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Old 05-17-2011, 10:48 PM
 
432 posts, read 558,240 times
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Quote:
Originally Posted by crisp444 View Post
Reposting this; surprised people didn't get a kick out of this as much as I did:

One of the coolest things I have ever overheard was an old Cuban lady's response to a conversation between two 30-something South American guys (not sure of their nationality, but I would guess Venezuelan) about how English is not necessary in Miami and that they don't really care to learn it. When the old Cuban lady rolled her eyes, one of the 30-something guys said to her, in Spanish, "Excuse me, ma'am, are you Cuban or are you American?" This was in a restaurant on SW 8th Street in Coral Gables, so I'm sure they assumed she was likely one of the two. The old Cuban lady replied in heavily-accented but perfect English: "I am American. I left Cuba in 1962. I learned English and so should you."
Oh shi!@t crisp, similar stories happened to me when I got here. Reason number one I moved out of Miami till I learned English. It is tough for Hispanics to learn english in Miami or assimilate into the America culture. I know young people in Miami that have been living in the USA for 20 years and do not speak a lick of english. Shame on them!
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Old 05-18-2011, 06:33 AM
 
2,228 posts, read 2,546,270 times
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Quote:
Originally Posted by Optional Angel View Post
Manolon, come on, seriously? No wonder everyone hates us. I just agreed with Bostonian, wasn't trying to argue anything. You can say that immigrants are visitors and Americans are hosts, I just pointed out that Spanish-speaking Americans in Miami are also hosts to tourists and transplants. It's your country as much as it is ours, your ancestors may have been here longer but that doesn't mean you contributed anything. Stop worrying about the borders for a second, just take it for what it is. Today Miami is closer to Latin America than it is to Charleston, WV. It is what it is. Just because it's in the US doesn't mean it has to be like other US cities.

------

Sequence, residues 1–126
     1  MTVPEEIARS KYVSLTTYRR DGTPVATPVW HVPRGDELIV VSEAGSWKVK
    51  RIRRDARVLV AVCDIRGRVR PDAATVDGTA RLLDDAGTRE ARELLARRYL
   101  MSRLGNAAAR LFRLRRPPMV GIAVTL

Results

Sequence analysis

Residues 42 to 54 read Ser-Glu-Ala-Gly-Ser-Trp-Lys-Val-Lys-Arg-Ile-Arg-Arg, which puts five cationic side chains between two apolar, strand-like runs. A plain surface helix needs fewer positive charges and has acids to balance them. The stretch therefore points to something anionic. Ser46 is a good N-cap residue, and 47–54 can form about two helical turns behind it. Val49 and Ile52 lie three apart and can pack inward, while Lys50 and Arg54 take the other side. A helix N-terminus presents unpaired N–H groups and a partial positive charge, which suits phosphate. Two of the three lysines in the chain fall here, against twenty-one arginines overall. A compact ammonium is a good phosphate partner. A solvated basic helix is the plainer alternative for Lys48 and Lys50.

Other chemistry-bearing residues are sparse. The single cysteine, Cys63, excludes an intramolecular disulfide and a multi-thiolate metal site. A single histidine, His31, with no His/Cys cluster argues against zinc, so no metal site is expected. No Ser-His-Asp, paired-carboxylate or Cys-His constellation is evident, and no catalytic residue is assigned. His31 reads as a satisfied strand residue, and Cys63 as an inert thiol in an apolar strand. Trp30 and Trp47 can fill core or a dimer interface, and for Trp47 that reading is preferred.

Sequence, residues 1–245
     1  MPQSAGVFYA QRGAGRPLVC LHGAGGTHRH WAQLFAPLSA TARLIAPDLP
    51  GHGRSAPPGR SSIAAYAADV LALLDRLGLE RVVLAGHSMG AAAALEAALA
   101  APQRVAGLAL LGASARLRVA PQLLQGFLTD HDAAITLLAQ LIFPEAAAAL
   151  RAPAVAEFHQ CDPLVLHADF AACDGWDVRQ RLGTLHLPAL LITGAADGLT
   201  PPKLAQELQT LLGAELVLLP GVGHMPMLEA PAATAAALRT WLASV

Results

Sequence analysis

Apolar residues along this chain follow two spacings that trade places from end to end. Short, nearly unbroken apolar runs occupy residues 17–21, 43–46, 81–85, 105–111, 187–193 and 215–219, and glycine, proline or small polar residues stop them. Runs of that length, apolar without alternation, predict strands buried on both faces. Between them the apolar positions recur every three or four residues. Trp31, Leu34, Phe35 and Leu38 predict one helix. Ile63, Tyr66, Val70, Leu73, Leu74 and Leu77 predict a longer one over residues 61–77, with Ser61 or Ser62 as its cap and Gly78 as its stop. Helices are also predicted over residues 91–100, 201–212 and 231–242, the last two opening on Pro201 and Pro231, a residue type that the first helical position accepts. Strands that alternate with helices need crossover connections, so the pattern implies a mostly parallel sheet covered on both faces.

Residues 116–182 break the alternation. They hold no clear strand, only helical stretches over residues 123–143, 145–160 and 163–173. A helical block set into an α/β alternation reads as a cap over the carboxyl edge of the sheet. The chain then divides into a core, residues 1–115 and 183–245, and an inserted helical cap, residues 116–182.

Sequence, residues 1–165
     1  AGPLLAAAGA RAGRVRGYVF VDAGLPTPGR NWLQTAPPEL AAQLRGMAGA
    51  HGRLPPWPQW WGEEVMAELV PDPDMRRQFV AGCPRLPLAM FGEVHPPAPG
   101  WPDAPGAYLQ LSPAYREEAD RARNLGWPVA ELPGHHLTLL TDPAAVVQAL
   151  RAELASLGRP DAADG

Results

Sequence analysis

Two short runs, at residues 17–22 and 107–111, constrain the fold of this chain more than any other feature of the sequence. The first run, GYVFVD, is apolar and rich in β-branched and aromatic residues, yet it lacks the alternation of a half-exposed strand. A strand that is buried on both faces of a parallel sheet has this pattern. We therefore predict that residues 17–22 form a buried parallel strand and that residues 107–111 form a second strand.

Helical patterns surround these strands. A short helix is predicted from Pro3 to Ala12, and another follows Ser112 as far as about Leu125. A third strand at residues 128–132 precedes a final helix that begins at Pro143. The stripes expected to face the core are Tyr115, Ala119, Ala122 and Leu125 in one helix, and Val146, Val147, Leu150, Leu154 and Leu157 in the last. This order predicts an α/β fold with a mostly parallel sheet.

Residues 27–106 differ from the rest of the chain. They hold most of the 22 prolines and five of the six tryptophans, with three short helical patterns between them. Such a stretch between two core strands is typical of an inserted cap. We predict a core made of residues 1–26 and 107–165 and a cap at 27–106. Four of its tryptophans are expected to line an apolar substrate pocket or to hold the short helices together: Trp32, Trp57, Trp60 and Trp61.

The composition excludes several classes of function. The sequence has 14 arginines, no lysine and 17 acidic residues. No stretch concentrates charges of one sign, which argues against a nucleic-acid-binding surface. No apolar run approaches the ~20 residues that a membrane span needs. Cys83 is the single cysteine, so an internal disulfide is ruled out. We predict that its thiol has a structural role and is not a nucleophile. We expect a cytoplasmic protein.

About 80 percent of all inhabitants in Dade speak Spanish and are Hispanic.

Ergo

They are the host, the majority of the inhabitants of the city. The rest, wether from Tuscaloosa or Manheim are visitors, tourists, migrants, snowbirds, whatever.


I suppose the same thing happens in Hawaii with Japanese, in Boston with the Irish, etc.
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Old 05-18-2011, 07:40 AM
 
193 posts, read 193,460 times
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Quote:
Originally Posted by Manolón View Post
------

About 80 percent of all inhabitants in Dade speak Spanish and are Hispanic.

Ergo

They are the host, the majority of the inhabitants of the city. The rest, wether from Tuscaloosa or Manheim are visitors, tourists, migrants, snowbirds, whatever.


I suppose the same thing happens in Hawaii with Japanese, in Boston with the Irish, etc.
That's incorrect. According to the 2008 census 62% of Miami-Dade's population identify themselves as Hispanic/Latino, and about the same amount speak Spanish at home.

But we'll ignore the facts and favor word-of-mouth instead.

So a whopping 38% of Miami-Dade say they're not Hispanic, hardly a small minority we're talking about is it? Not really all visitors, tourists, migrants and snowbirds are they?
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Old 05-18-2011, 02:00 PM
 
3,369 posts, read 7,524,401 times
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Quote:
Originally Posted by Thomas Jefferson View Post
Oh shi!@t crisp, similar stories happened to me when I got here. Reason number one I moved out of Miami till I learned English. It is tough for Hispanics to learn english in Miami or assimilate into the America culture. I know young people in Miami that have been living in the USA for 20 years and do not speak a lick of english. Shame on them!